Today communities across the nation are conducting "point in time counts" to estimate the extent and causes of homelessness. These counts are street level surveys done every two years by teams of human service and law enforcement workers and volunteers.
I participated in the Plainfield count which was coordinated by the Union County Department of Human Services. We found a lot of homeless people in Plainfield. Between 4 and 7:30 am our teams visited vacant buildings where we were able to make contact with 40 people. Our police escorts woke them up so we could fill out questionaires, provide food and clothing and make referrals for help as needed.
There was a group of people living in a vacant multi-family house near the downtown train station. Reasons given for their homelessness included unemployment, criminal justice system involvement, substance abuse and the high cost of housing. They were encouraged to go to the Plainfield YMCA shelter and they declined. The reason given was bed bugs. An unheated building does not have bed bug problems but the shelter does. Later I was told by an Bridgeway outreach worker that the Y works hard to deal with bed bugs and generally succeeds but this is a difficult problem to eradicate.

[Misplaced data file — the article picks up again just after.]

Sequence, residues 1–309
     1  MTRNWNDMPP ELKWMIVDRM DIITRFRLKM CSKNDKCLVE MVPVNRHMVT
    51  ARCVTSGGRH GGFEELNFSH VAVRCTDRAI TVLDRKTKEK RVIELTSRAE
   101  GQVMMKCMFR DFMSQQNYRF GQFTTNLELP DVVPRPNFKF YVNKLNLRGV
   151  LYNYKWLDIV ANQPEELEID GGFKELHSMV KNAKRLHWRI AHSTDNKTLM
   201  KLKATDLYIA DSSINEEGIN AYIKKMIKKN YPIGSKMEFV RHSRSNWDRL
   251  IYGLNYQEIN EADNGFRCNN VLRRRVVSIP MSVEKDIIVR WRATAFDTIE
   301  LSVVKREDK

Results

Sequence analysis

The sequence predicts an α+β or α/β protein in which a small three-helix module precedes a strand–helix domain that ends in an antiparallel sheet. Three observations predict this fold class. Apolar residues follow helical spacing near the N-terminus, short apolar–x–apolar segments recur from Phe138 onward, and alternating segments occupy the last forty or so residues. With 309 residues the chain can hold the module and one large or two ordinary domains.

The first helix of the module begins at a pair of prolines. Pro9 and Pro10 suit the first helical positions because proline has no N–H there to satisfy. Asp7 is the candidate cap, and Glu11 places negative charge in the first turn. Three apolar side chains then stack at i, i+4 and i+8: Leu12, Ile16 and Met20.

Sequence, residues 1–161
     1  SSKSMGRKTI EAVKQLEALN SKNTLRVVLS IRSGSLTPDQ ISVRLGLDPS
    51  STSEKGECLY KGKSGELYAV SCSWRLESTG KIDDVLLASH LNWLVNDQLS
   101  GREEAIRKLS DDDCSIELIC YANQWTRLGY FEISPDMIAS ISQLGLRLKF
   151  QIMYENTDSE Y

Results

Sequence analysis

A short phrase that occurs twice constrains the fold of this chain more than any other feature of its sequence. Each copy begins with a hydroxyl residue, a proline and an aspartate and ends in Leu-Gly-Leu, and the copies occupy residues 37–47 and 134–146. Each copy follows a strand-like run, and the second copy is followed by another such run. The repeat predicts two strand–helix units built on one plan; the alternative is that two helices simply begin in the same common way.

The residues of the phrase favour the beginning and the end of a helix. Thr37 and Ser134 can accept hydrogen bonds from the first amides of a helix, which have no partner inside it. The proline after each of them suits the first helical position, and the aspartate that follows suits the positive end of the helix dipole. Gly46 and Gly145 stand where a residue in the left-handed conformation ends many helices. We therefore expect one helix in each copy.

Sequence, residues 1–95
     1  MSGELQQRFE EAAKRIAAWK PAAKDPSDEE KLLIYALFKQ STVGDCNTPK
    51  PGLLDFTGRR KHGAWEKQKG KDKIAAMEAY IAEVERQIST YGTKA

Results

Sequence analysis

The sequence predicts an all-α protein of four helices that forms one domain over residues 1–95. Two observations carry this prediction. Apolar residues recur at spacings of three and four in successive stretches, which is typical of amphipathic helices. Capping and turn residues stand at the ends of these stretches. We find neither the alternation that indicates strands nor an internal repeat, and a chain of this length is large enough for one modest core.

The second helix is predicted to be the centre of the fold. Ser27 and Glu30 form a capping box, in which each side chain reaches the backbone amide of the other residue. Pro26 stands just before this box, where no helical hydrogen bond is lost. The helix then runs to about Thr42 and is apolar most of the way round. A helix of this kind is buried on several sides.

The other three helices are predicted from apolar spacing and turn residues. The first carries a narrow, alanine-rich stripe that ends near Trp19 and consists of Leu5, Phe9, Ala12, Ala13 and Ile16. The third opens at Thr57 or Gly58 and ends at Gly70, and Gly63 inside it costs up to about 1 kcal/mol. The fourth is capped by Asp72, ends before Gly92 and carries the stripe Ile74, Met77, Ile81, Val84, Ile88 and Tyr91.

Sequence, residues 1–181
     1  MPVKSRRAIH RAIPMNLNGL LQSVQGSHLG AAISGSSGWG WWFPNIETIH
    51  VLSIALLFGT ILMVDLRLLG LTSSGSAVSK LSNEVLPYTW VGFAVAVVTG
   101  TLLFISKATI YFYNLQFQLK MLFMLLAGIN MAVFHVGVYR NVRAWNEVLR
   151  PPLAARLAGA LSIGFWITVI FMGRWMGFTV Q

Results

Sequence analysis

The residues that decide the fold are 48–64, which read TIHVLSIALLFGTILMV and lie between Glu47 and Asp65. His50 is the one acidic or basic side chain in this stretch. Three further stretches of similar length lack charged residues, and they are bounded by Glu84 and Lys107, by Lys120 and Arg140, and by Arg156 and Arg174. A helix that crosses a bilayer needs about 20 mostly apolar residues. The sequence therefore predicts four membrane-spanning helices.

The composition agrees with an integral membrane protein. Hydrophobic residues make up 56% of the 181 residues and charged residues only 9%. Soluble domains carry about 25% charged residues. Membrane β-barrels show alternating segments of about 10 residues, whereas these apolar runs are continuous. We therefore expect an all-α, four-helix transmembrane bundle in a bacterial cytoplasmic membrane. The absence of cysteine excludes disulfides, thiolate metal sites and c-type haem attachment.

Nearby, a vacant office building was temporary shelter for a group of young men who are doing day labor and, apparently, saving money on rent. Only one of ten spoke English and through him we convinced them to go to the county social services office at Park Madison to get shelter vouchers.
Homelessness has many causes. Mental illness and substance abuse are common causes and are often associated with chronic homelessness. People with these problems are more likely to be noticed by the public. During an economic downturn, poverty and unemployment cause a surge in homelessness and we saw that today. Places like Plainfield see increased vacancies and foreclosures and some homeless people will find these locations as their least bad housing option.
Many people who experience homelessness are invisible to most of us. I may blog more on this. For now, I hope my observations helps the reader's understanding of homelessness in our community.